Using specialized encyclopedias to become familiar with your topic is the most efficient way to get started on your research. These encyclopedias, written by knowledgeable scholars, will summarize your topic, provide you with social and historical context, familiarize you with specialized terminology, and often provide lists of additional resources on your topic. They are providing you in condensed form information from multiple books and articles. Think of them as CliffsNotes ... that you are allowed to use.
The encyclopedias listed below may be useful for many of the topics suggested by your instructor, but there are many, many more. The easiest way to locate them in the Library is to do an Oskicat search like this:
1. Use the keyword search so that it looks for the words everywhere in the record.
2. The asterisk is a truncation symbol, which will retrieve variations of the word: ethic, ethics, ethical, etc.
3. The Doe Reference collection includes many encyclopedias related to social science topics. Limiting your search to this collection will retrieve a manageable number of records. If you retrieve nothing, change the search parameter to All Collections.
Try different terminology and be persistent. If you are not finding a relevant resource, be sure to ask for help.
Other searches you might try:
encyclopedia and environment*
encyclopedia and bioethic*
encyclopedia and biotechnolog*
encyclopedia and social science
Now that you know the types of articles you need, you can choose a database, also known as a periodical index, to find them. Databases are collections of thousands of articles organized by subject. The Libraries have hundreds of databases covering every academic discipline. Some are multi-disciplinary, covering a broad range of subjects and including popular and scholarly sources, and others are subject-specific, and include scholarly and specialized articles. A complete list is available at Find Articles.
The following multi-disciplinary databases are good places to start your research:
Many article databases contain information about articles (citations or abstracts), not the entire text of the article. Once you've used an article database to find articles on your topic, you may need to use this button: in order to locate and read the full text of the article. The UC-eLinks button appears in nearly all the databases available from the UCB Library website.
UC-eLinks will link you to the online full text of an article if UCB has paid for online access; otherwise, UC-eLinks will help you locate a print copy on the shelf in the library. If UCB doesn't own the article in print or online format, UC-eLinks can also help you order a copy from another library.
For more information, watch this video tutorial (about 4 min.)
You can also set up UC-eLinks to work with Google Scholar. For more information, watch this video tutorial (about 2 min.)
Accessing full-text content from off campus using Google Scholar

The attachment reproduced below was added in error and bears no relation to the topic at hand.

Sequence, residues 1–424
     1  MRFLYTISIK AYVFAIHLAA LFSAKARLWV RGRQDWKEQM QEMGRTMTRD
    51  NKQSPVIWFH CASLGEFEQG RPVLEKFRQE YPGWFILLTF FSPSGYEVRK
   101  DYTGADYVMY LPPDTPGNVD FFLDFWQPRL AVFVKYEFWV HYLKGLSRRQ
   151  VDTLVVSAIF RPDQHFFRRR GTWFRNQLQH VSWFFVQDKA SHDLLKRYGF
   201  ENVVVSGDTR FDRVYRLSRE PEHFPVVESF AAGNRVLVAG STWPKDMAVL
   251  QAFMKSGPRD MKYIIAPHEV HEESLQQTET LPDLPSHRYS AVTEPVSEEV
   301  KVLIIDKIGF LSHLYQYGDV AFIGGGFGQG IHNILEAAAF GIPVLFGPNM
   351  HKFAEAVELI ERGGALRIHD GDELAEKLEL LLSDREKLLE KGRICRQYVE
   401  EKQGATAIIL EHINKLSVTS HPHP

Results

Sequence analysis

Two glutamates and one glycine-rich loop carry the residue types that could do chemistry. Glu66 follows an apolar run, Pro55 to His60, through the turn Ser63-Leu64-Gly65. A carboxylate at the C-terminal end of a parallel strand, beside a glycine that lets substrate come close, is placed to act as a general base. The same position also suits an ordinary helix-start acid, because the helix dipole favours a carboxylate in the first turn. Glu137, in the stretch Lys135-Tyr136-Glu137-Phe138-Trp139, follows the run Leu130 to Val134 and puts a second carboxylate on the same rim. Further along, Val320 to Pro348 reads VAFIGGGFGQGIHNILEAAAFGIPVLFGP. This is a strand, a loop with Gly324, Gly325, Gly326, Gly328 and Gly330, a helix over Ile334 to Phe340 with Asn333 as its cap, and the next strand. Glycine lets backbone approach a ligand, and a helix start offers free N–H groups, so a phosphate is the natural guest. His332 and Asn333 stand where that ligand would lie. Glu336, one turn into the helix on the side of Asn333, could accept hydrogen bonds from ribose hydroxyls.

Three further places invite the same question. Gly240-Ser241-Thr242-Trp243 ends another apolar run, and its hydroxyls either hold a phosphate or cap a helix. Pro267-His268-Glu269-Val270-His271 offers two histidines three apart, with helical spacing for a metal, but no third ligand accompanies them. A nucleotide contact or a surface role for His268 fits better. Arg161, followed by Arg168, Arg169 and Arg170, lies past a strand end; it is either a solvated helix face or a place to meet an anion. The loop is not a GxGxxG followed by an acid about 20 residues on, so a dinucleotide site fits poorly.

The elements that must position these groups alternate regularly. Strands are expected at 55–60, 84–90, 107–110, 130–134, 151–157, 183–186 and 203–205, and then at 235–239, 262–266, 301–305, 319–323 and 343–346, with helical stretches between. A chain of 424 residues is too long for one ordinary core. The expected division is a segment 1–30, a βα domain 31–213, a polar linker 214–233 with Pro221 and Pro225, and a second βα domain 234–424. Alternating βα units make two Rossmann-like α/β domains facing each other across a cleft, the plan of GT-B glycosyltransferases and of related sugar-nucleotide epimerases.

Step 1: Set up your proxy server access by following the directions at http://proxy.lib.berkeley.edu/. When you get to a point where you are accessing resources that the Library pays for, you will be prompted for your CalNet ID and password. For more help see: http://www.lib.berkeley.edu/doemoff/tutorials/proxy.html
Step 2: Change your “Scholar Preferences.” Access these by clicking on the link next to the search box.
Step 3: In search box next to "Library Links," type in University of California Berkeley and click on “Find Library”
Step 4: Check box next to "University of California Berkeley - UC-eLinks
Step 5: Click on "Save Preferences" at bottom of page
Use OskiCat to locate materials related to your topic, including books, government publications, and audio and video recordings, in the libraries of UC Berkeley. OskiCat will show you the location and availability of the items that we own.
Use Melvyl to locate materials related to your topic located at other campuses in the UC system, or worldwide. You can use the Request button to request an item from another library, if we don't own it.
Melvyl has changed as of January 2012, and now includes many more articles. Detailed Melvyl help.
Google Books contains millions of scanned books, from libraries and publishers worldwide. You can search the entire text of the books, view previews or "snippets" from books that are still in copyright, and read the full text of out-of-copyright (pre-1923) books. Want to read the entire text of an in-copyright book? Use Google Books' Find in a Library link to locate the book in a UC Berkeley library, or search OskiCat to see if UC Berkeley owns the book.
Why use Google Books?
Library catalogs (like OskiCat) don't search inside books; using a library catalog, you can search only information about the book (title, author, Library of Congress subject headings, etc.). Google Books will let you search inside books, which can be very useful for hard-to-find information. Try it now:
Read an introduction to the campus libraries for undergraduates.
Set up your computer for off campus access to library databases.
Need a map of the campus libraries?
Each library has its own hours. Click on the calendar for each library to view a month at a time.
Go To Full Version